In the introduction to the workbook readers are informed that they can download recordings of all the words and discourses presented in the book from the web pages of CUP. I did this and listened to some random examples.
Most of the sound files in chapter 1 are numbered 1-1, 1-3, 1-4 etc.; so there's a minus sign between two numerals. The numbers for the examples in the workbook have a dot in between numerals, e.g. 1.1, 1.2 etc.
Sound file 1-1 is a recording identifying what the sound files are about: "Transcribing English words - Paul Tench - Centre for Language and Communication - Cardiff University", a voice says.
There is no sound file 1-2.
In sound file 1-3, which seems to correspond to example 1.1 in the book, we hear 14 English first names; the book, however lists 18 partly different ones. During the recording the speaker must have banged something against the microphone causing a noise. This is something that seemed to have happened fairly frequently. These bangs could easily have been removed by editing the sound waves before putting them online.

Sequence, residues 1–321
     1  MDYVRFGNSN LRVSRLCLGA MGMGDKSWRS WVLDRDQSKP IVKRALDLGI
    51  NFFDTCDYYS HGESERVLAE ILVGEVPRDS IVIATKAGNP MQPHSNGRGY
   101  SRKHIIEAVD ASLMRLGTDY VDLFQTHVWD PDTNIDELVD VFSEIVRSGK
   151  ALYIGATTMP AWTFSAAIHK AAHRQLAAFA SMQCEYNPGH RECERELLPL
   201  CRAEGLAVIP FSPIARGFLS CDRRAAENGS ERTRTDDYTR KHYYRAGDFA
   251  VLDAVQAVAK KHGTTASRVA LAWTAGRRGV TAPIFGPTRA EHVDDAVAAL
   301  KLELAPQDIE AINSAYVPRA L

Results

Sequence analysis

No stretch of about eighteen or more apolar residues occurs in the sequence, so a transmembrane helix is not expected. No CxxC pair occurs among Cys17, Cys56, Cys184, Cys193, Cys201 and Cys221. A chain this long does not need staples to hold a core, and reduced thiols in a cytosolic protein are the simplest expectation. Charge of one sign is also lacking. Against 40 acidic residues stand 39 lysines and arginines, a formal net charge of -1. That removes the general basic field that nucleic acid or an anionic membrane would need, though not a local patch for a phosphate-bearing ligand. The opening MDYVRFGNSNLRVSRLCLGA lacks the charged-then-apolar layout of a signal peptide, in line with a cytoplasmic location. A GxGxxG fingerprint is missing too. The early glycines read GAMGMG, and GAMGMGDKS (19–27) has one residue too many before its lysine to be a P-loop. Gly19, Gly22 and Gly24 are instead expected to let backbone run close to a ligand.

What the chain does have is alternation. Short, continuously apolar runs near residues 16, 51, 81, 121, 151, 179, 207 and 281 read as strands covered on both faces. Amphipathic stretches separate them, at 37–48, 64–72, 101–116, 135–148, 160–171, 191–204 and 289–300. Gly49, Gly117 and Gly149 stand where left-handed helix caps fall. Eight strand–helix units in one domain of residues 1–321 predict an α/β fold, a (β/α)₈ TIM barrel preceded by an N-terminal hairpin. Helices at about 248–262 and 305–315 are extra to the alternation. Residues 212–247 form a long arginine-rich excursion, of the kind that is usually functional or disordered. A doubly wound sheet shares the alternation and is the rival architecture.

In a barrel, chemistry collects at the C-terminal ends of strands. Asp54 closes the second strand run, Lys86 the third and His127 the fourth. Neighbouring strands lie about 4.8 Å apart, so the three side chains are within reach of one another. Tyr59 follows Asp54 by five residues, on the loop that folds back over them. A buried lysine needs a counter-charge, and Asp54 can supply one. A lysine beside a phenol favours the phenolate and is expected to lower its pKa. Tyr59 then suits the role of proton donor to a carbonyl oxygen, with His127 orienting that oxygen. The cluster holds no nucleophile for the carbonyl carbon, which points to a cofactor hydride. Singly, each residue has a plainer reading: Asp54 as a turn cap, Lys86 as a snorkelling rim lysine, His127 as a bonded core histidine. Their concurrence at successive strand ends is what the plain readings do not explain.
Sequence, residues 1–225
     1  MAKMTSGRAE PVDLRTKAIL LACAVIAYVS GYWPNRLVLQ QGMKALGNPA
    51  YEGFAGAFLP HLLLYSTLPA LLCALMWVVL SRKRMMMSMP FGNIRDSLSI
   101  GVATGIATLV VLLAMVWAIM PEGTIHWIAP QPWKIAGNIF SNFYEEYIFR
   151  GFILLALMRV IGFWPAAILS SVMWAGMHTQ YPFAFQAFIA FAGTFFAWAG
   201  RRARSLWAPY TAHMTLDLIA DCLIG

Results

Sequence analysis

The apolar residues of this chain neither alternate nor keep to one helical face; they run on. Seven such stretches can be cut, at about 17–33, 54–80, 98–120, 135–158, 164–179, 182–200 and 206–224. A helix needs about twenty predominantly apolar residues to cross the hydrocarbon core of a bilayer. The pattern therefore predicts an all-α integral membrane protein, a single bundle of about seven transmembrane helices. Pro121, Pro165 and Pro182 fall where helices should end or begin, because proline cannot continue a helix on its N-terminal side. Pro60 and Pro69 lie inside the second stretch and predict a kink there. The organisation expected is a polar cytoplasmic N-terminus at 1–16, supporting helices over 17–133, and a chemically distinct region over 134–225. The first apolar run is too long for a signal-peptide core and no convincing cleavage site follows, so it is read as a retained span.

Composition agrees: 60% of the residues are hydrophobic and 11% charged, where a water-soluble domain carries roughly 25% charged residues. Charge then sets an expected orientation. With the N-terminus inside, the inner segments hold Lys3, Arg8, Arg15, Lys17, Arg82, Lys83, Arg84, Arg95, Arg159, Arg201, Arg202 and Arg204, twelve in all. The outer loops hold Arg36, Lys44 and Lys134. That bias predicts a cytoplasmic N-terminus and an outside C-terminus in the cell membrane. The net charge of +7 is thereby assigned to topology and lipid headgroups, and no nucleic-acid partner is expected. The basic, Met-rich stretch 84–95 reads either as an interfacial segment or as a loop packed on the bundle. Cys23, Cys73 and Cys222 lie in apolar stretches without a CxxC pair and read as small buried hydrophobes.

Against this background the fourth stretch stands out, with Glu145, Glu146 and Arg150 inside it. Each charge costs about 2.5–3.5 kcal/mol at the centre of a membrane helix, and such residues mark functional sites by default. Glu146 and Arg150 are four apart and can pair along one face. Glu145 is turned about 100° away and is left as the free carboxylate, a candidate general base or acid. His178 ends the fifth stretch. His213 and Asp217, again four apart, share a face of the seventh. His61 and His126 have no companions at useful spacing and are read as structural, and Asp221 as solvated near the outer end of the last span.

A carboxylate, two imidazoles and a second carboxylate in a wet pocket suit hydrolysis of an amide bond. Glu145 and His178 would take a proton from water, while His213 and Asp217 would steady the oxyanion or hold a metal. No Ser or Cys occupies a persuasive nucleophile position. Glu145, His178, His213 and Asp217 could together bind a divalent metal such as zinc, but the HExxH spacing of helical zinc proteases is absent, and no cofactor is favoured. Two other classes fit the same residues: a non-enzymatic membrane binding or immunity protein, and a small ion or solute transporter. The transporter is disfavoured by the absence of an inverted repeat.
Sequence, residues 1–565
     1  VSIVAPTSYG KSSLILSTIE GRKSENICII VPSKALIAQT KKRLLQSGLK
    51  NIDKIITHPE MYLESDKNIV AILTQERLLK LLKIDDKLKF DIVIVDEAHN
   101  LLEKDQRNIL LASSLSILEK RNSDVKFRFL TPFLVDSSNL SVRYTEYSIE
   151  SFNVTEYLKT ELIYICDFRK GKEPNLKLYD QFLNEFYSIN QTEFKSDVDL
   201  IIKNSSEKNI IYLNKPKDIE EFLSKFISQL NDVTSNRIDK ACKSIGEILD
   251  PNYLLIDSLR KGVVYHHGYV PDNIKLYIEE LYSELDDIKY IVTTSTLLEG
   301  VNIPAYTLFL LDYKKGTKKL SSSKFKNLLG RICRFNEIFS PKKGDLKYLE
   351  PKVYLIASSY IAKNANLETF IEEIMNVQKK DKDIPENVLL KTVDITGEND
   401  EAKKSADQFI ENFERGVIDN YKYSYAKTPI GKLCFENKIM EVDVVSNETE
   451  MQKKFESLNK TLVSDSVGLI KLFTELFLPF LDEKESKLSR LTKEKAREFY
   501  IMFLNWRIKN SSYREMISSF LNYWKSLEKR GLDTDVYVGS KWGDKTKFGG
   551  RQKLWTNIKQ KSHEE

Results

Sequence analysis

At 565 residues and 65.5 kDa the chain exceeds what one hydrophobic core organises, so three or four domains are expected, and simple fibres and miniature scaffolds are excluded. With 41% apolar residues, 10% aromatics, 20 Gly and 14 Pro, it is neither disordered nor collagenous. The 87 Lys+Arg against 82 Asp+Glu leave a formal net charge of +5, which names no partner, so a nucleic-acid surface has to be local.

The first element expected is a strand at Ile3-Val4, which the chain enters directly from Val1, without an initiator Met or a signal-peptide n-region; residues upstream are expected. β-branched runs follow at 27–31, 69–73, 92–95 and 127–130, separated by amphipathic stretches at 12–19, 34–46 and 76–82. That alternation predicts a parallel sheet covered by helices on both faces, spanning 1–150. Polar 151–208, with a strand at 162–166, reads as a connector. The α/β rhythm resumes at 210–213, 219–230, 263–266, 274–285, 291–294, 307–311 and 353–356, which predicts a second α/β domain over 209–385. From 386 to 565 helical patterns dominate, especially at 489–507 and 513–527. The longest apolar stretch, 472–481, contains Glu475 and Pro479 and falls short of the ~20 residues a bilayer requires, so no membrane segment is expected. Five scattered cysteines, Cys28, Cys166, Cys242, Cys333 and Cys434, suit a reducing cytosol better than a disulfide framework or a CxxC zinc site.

Sound file 1-4 contains the words 'look, loud, lure, letter, coffee". 1-4 and 1.2 do not correspond at all nor does 1-4 and 1.3. Very confusing!
1-5 and 1.2 do correspond, however, as do 1-6 and 1.6. Phew! Let's see if we can construct an equation: when you have 1.120 in the book, add 3, which gives 1-123 for the corresponding recording. Alas, there's no sound file with that number. What you find instead are numbers such as 1.258 and 1-118 (which incidentally corresponds to 1.109 in the book). Whenever I try to open 1.258 with the audio editor audacity, I get a memory allocation error and the program crashes. What a mess! The author and/or the Cambridge people must do something about it.
Until these complaints have been dealt with I cannot maintain my statement that I highly recommend the book. I was obviously too rash.